Energy

Hot cake

An odd commodity has hit the online market, making women in villages the prime beneficiaries

 
By Rajeshwari Ganesan
Last Updated: Tuesday 16 August 2016
By joining an e-tail supply chain, women in villages get a better price for dung cakes. (Photo: Vikas Choudhary)
By joining an e-tail supply chain, women in villages get a better price for dung cakes. (Photo: Vikas Choudhary) By joining an e-tail supply chain, women in villages get a better price for dung cakes. (Photo: Vikas Choudhary)

For thousands of years, men and women in rural parts of the country have used a rich substance as fuel and fertiliser. Usually sold locally, this natural matter has now found a new market, thanks to e-shopping. In the process, it has given women in villages an additional income. Shanti, a 24-year-old woman from Sikhera village in Bulandshahr district, Uttar Pradesh, says she earns five times more by selling cow dung mixed with hay to a trader than she does by selling it in a local market. The trader packages the dried cow dung patties and sells them to an e-tailer.

From cowshed to doorstep

The e-business of cow dung cakes involves e-tailers, local traders and villagers. After collecting dried dung patties from the village, the trader packages and sells them in bulk to e-tailers or other sellers. Shopping websites such as eBay.in, Amazon.in, and Shopclues.com sell the patties in packs of eight, 15 and 24 to customers ranging from farmers looking for compost to the everyday householder, who needs it mainly for religious rituals. The e-tailers also ship them to the non-resident Indian population across the world. The price per cake depends on the quality, region and weight. E-tailers say they sell 300 to 400 dried dung cakes every day and the profit margin is about 30 per cent for most of the stakeholders.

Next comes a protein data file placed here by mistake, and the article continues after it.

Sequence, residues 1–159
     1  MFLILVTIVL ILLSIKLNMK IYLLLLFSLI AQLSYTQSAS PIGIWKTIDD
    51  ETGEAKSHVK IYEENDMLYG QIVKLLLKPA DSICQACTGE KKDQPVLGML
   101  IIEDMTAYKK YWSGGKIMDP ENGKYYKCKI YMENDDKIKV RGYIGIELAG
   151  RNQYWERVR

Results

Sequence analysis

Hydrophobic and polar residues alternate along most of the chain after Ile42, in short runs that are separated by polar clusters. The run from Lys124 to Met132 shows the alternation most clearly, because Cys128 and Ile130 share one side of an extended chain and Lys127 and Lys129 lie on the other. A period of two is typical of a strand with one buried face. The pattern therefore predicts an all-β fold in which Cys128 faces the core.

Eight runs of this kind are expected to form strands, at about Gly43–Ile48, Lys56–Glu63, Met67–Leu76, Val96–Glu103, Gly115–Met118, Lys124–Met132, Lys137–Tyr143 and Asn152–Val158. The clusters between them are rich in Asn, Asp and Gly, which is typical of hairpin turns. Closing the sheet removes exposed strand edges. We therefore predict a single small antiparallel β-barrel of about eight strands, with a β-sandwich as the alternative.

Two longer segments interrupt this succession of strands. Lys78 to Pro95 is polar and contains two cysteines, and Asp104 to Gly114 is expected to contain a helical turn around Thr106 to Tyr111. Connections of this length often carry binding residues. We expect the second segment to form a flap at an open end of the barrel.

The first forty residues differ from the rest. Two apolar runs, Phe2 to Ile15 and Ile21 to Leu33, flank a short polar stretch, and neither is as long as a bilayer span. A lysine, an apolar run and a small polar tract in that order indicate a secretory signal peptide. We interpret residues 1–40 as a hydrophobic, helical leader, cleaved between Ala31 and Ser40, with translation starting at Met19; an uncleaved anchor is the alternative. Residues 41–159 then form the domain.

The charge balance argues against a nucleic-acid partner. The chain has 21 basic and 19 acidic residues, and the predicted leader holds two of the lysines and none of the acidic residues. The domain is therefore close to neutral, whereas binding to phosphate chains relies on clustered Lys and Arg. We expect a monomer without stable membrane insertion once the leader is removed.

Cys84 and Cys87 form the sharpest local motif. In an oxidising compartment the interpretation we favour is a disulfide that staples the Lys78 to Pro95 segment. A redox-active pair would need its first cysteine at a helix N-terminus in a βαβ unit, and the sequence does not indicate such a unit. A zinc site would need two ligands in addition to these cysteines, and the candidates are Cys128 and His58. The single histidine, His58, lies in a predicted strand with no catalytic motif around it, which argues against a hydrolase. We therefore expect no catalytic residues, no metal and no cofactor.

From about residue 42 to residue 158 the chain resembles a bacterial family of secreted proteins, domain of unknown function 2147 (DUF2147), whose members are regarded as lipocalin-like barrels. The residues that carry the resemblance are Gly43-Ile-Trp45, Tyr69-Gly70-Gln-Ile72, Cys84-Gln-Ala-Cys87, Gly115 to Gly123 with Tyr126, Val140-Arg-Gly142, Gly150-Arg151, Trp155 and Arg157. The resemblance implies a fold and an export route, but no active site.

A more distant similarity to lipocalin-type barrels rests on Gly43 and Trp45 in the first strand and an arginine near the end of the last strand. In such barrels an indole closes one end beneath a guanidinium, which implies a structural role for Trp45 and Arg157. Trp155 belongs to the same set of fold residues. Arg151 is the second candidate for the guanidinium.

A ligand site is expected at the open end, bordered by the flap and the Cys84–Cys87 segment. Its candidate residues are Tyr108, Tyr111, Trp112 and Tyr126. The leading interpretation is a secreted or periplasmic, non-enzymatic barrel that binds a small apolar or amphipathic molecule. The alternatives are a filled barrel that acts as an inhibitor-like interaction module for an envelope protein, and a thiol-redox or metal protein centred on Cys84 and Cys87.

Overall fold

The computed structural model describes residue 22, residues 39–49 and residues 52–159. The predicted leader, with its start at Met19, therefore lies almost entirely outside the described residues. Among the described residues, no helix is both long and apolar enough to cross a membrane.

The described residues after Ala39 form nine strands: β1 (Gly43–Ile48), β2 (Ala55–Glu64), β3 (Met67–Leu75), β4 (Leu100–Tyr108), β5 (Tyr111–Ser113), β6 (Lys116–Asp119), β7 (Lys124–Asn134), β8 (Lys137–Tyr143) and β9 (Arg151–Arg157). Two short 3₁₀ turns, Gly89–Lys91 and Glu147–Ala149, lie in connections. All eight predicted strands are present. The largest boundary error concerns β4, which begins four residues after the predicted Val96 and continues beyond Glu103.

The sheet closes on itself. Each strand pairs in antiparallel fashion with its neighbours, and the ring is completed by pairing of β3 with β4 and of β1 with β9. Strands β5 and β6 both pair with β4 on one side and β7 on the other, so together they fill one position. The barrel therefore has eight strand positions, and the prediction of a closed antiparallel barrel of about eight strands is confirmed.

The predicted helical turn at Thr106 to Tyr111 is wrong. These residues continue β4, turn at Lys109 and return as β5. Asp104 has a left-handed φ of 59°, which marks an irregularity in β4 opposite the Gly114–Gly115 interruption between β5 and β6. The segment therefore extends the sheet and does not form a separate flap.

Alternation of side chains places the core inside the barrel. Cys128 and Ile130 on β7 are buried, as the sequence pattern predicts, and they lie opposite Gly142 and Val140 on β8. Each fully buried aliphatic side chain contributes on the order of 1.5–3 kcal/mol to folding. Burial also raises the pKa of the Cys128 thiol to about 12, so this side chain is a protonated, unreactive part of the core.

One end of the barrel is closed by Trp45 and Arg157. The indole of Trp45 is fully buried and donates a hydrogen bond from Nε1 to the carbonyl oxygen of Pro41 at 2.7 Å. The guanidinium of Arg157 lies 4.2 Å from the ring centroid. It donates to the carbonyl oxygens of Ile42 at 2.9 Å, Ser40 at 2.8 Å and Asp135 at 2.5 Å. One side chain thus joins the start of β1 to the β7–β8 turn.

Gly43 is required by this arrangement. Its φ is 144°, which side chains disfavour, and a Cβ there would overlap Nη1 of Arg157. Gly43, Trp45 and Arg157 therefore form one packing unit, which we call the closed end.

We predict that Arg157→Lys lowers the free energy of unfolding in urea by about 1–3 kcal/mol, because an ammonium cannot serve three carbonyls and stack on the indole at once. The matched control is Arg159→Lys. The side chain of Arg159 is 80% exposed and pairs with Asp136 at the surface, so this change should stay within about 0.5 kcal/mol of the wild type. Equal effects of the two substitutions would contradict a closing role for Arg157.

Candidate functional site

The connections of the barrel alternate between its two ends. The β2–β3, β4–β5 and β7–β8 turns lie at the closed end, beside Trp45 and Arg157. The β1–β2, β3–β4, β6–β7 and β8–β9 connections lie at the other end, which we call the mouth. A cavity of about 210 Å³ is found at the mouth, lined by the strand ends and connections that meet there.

For women like Shanti, selling cow dung patties to a local trader helps supplement her household income. She earns between Rs 70 and Rs 115 a day by selling 120 to 150 cakes to a company in Meerut. While cow dung costs 75 paise per cake, bullock’s dung costs 45 to 50 paise per cake in her village. A representative from the company collects them from her house, saving her the cost of transportation. The mother of two says this adds to her husband’s daily wage of Rs 150. “If we sell it in the local market, we do not earn more than a rupee for 10 cakes,” she adds.

Not just a fad

Traders say the demand for dung is picking up in cities. T Kannabiran, owner of Bhushanam Enterprises that supplies dung cakes in Tamil Nadu, says the demand is usually from cosmopolitan cities where cattle are scarce. A spokesperson from Amazon India also says their orders are primarily from cities. The burning of cow dung has become a fad with people living in cities, making it a booming business, adds M Sankaran, co-owner of Bhushanam. In ayurveda, dried cow dung mixed with camphor is prescribed as an air cleanser.

Anil Kothari,
owner of a
Jodhpur-based
company which
sells cow dung
cakes, says
most of their
orders are for
religious rituals